First novel I wrote back in 1988. A train enters a tunnel and a group of travellers find they cannot leave their compartment. The train remains travelling through the tunnel for an extended period of time which creates anxiety and confusion amongst the travellers, who eventually break out and find they are alone on the train. Probably influenced by Bunuel's "Exterminating Angel" this has all the problems of a first novel and I haven't looked at it in years.


Second novel written around 1989. A painfully shy and self-obsessed chap moves into rented accommodation and becomes fixated by a fellow tenant who becomes his first girlfriend. When he accidentally kills her, he decides to consume parts of her body in the hope that he might transmute her soul. A cross between Dostoevsky's "Crime and Punishment" and The Stranglers' "La Folie" this novel fails because the main character became so well defined in the first half of the novel as someone who would never do what he does in the second half.

Moon Beaver

The link above makes it clear that this became my first published novel. Please buy it! I wrote the first half in 1992 and then left it for six years and added a paragraph. I then completed the novel in 1998 and it was published in 2003 by the excellent ENC Press. I remain proud of this work which is a comic satire examining themes of individuality and immortality - themes which appear frequently in my work. It's a lot of fun and riffs a little on Tom Robbins' novels which I love.

Full Circle

I had this idea on a National Express bus journey from Norwich to London and had to keep it in my head and buy a notebook from WH Smith to write it down as soon as the bus stopped! Set in the North and South of England, in Peru and in Hungary, this sets up a N/E/S/W compass point of converging storylines which - whilst it contains some interesting ideas - ultimately fails under the weight of the inherent coincidences required for it to hum along. 'Contrived' would be a better title for the book!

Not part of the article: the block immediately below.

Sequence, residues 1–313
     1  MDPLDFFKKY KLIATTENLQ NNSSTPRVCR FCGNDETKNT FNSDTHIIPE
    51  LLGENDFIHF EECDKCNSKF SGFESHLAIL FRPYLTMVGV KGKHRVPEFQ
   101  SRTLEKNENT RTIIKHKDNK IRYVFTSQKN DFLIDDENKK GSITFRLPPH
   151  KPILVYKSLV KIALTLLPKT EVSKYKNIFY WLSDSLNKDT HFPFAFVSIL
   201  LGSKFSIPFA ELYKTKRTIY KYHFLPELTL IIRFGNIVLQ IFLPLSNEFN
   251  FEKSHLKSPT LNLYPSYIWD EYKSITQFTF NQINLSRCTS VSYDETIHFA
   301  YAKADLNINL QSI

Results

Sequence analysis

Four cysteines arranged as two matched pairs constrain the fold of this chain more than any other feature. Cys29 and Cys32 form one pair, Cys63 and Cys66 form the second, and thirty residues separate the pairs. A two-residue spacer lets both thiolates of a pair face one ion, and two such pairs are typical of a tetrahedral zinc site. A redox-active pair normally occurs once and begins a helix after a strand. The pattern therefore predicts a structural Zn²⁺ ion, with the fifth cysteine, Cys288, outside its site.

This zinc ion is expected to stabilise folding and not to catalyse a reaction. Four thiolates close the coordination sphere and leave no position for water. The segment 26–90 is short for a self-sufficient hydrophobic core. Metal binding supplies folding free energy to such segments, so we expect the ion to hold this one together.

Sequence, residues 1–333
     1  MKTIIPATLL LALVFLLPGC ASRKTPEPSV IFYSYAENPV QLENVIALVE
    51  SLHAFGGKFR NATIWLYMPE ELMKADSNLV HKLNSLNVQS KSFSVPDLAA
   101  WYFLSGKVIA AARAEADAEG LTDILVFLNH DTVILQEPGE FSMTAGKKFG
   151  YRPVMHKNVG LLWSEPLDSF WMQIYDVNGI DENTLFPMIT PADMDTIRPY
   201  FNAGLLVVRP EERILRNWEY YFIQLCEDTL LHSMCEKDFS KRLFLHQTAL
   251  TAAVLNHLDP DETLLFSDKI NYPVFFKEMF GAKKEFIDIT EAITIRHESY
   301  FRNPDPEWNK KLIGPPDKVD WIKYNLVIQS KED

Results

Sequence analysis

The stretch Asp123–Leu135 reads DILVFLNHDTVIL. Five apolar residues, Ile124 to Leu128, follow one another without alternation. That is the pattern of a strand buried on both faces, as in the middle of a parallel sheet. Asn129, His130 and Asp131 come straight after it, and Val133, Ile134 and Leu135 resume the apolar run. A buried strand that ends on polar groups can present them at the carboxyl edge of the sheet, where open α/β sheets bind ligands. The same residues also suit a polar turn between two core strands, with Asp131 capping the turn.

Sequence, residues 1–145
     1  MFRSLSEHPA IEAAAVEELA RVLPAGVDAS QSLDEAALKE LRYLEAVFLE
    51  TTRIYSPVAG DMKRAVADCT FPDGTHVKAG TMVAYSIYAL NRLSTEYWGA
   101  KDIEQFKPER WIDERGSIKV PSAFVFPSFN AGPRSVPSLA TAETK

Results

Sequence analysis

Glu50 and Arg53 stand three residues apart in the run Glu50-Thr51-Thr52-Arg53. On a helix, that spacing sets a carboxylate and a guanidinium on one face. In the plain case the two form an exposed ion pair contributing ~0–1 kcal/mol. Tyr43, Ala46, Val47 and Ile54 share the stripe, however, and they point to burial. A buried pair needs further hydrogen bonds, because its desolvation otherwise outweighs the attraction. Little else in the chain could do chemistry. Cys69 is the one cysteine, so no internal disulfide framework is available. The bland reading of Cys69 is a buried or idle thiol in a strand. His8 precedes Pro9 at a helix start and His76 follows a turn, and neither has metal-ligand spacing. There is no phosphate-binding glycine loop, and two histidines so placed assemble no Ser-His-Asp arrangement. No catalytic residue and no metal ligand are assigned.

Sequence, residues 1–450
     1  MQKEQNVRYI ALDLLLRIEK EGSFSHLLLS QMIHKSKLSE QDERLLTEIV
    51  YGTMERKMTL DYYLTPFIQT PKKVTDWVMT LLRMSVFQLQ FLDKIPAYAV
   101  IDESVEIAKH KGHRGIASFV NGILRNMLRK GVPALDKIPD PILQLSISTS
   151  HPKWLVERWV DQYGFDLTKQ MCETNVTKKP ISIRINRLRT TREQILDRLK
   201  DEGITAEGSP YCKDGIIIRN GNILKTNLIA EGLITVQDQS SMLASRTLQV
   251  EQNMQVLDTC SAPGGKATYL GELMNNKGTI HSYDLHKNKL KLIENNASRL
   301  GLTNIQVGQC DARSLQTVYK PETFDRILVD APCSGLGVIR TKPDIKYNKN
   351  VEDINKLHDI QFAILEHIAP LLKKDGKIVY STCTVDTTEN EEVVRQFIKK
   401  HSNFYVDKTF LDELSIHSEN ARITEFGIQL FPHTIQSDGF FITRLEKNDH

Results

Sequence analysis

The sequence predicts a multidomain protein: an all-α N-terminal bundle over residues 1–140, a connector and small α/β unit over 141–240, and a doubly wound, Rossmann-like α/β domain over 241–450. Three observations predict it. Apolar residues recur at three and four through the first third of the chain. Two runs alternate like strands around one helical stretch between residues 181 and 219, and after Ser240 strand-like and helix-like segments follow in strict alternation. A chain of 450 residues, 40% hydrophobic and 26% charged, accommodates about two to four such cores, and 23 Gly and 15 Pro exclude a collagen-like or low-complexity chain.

Bobbing For Reality

Always liked this title, but this book's chance has been and gone. Written around 2004/5 separate stories connect a serial dater with a one parent father with a self-employed freelance deflowerer of virgins and a serial killer. Set in New York and London with a large portion of the book revolving around Internet chat rooms and the anonymity they contain, I feel that the massive increase in technology since this was written makes the computer-set-pieces dated and no longer usable. A shame, as I had high hopes for this one.

The Immortalists

Finally, since Moon Beaver, a novel I've written which I really think deserves to sell. Taking the irascible PI named Mordent from some short stories I've had published, this is a modern pulp noir crime novel that pitches two rival gangs against each other for the secret of immortality whilst Mordent investigates a missing persons case that is much more than it appears to be on the surface. I had great fun writing this, and I've had some great feedback. This novel is still being pitched to agents and publishers, together with...

Church Of Wire

My second Mordent novel. Mordent investigates a string of cases where a serial killer appears to be targeting the survivors of previous serial killer attacks and whether or not they are linked to a shady religious organisation known as the Church of Wire. As with The Immortalists this story has a healthy dose of pulp sensibility - is drenched in it, in fact - and I have fairly high hopes that both of these will someday be published. Watch this space.

Body And Soul

This the novel I'm working on at the moment. I've reached 75,000 words and am looking for 90,000 minimum. I've tried to be more commercial with this work, which is a far future SF novel set in an age where mankind has regressed technologically and has evolved into beings where for a new birth the females carry the body but the male carries the soul. Both parents have to be present at birth for the pregnancy to be effective, and this world is about to be rent asunder by demons from Earth's past. Again, I'm fairly hopeful with this, but considering the above I guess the question is:

Why do I bother with novels?

And the answer is:

because some stories demand to be told that way.